At the first meeting Gilmour tacked to port on Pacé's leebow, which gave the Frenchman a slight advantage that he would carry around the first lap. The two were never more than two boatlengths apart.

At the second windward mark, Gilmour was still on Pacé's transom. Both crews had equal sets with their spinnakers billowing at the same time in the 15-knot winds.

Gilmour, though, got his bow to leeward of Pacé and, in what seemed like the blink of an eye, Gilmour had gained a leeward overlap.

Although he couldn't luff Pacé in that situation because he had gained the overlap from clear astern, Gilmour could prevent Pace from jibing to starboard to get back toward the centre of the racecourse.

Gilmour would take a small dig to the centre of the course, and then jibe back to port to keep Pace on the left side of the run. He won the race by no more than 5 seconds.

"I was surprised he didn't defend earlier on the run," Gilmour said. "Rod (Dawson) was calling the puffs to leeward of him. So we did a couple of jibes, caught a few puffs and waves and surged to even with him."

Another entertaining match pitted Brady, the helmsman for Oracle BMW Racing, against Richard, ranked 5 in the ISAF World Match Race Rankings.

Richard led Brady around the first windward mark and down the first run. As they passed the halfway point of the run, that's when it got exciting.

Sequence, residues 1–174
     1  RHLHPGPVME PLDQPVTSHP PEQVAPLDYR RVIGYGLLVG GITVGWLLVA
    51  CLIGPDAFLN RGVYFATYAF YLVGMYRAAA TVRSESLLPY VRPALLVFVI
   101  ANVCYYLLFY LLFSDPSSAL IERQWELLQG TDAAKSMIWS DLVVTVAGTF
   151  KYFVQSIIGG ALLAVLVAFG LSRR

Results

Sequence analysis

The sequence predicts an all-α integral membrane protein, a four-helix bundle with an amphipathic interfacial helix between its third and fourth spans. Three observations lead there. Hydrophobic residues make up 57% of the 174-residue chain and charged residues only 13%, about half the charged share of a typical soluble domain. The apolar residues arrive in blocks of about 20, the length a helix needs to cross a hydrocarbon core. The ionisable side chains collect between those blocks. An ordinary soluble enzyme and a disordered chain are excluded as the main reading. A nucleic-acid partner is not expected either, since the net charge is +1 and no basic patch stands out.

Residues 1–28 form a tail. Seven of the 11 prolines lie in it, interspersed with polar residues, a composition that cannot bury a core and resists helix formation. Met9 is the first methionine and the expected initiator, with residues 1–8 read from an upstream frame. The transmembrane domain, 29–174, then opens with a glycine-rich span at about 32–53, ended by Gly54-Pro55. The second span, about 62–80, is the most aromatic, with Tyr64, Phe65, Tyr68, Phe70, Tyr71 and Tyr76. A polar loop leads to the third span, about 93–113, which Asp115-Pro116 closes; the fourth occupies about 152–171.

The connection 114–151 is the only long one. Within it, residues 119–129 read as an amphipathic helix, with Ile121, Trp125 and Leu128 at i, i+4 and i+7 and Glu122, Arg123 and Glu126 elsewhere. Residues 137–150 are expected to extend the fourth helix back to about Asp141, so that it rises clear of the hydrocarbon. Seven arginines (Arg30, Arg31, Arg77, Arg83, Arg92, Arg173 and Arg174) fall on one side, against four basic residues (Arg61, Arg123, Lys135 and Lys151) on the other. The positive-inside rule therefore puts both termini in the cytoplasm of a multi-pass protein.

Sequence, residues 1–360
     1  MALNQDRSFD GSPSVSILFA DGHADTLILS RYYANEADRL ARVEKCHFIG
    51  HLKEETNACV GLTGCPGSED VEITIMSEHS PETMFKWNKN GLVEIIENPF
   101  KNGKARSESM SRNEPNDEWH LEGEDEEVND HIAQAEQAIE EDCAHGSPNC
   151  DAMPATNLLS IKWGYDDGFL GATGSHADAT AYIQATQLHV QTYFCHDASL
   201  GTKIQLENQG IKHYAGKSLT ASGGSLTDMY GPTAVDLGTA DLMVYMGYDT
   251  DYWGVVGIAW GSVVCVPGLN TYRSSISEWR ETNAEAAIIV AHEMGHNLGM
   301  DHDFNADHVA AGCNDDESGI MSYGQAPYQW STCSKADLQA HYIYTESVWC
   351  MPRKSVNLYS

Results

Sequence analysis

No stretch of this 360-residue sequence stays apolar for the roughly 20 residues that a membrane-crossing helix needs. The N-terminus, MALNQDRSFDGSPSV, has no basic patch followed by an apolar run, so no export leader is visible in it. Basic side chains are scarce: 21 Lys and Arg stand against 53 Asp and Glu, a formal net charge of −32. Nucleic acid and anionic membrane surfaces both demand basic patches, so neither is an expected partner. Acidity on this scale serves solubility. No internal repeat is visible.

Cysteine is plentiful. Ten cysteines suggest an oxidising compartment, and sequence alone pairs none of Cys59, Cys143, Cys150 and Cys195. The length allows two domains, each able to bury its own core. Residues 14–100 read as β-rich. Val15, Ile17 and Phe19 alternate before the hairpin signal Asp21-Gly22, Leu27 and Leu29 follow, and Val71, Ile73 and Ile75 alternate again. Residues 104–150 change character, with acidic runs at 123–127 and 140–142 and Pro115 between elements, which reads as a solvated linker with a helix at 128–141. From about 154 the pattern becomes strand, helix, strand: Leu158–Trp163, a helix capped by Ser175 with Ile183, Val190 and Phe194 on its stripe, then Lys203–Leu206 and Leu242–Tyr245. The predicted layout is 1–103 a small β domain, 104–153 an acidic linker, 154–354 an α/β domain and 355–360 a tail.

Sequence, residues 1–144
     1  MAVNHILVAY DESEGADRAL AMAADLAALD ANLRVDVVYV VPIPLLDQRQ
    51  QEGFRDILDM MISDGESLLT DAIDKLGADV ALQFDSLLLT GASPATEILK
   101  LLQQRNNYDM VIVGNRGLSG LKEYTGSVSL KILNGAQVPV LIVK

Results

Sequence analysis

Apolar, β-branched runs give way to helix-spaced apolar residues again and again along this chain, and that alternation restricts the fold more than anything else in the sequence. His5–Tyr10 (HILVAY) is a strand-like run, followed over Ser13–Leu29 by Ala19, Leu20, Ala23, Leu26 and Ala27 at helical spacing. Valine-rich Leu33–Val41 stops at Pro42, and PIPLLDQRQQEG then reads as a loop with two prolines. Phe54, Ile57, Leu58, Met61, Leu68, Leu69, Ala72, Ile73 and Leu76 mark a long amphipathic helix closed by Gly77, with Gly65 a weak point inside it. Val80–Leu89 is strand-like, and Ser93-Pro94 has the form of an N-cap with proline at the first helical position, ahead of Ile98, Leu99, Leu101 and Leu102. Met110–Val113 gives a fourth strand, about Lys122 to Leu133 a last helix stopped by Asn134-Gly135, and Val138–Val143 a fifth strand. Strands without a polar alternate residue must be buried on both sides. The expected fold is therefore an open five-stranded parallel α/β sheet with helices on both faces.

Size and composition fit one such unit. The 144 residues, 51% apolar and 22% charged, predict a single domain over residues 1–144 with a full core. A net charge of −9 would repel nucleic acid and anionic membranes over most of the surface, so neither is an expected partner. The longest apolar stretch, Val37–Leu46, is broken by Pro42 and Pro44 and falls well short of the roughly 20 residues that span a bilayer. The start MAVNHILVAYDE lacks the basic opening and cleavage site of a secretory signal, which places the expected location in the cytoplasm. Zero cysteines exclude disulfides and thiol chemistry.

With both boats on port tack, Brady was to leeward of Richard and separated by about a boat length. Richard deemed it enough room to jibe to starboard and did so.

On Brady's boat, they deemed it not enough room and raised their voices along with their Y flag, asking for a foul from the on-water umpires, but they green-flagged the incident.

"They gave him the benefit of the doubt there," Brady said. "He was leading. We just tried to stay clear. You don't want to put it in the hands of the umpires."

With both crews on starboard and Richard to leeward, he took Brady well past the port layline to the leeward mark

The crews raised the jibs and the spinnakers were lowered. Brady swung his boat onto port in a furious manoeuvre, and sailed toward the leeward mark with jib flying while Richard tried to reach up from leeward as his bowman gathered their spinnaker out of the water.

Brady nearly rolled over Richard but the Frenchman still had a tenuous inside position, which forced Brady to a wide turn. But Richard was slow coming out of his turn and Brady was able to power away and to his fourth win.

After meeting Gilmour, Pacé had to face Sweden's Holmberg, who seemed to be sailing with more confidence after a rough regatta at the Toscana Elba Cup - Trofeo Locman two weeks ago. Holmberg, placed eighth at that event and was down about his performance.

Holmberg went into the match against Pacé at 5-1, including four wins in a row, but came out at 5-2. Pacé started to windward of Holmberg, but the two were close aboard. A long drag race ensued to the port layline, when both tacked.

Holmberg felt like he was getting to Pacé, pinching up from leeward, but simply ran out of racecourse before having to tack. Then, on port tack, his outhaul broke, which helped give Pacé the victory.

"I felt good about our performance today," said Holmberg, "We have more room to improve."

ACI HTmobile Cup Standings

(After eight of 22 scheduled flights)
1. Peter Gilmour/AUS, Pizza-La Sailing Team 7-0
2. Bertrand Pacé/FRA, Team France 6-1
3. Magnus Holmberg/SWE, SeaLife Rangers 5-2
= Jes Gram-Hansen/DEN, Team Denmark 5-2
5. Gavin Brady/NZL, Oracle BMW Racing 5-3
6. Mathieu Richard/FRA 4-3
7. Mattias Rahm/SWE, Team Stena Bulk 3-4
8. Kelvin Harrap/NZL, Team New Zealand 2-5
9. Frano Brate/CRO 2-6
10. Mate Arapov/CRO 1-7
11. Staffan Lindberg/SWE 0-7
Sean McNeill (As Amended By ISAF News Editor)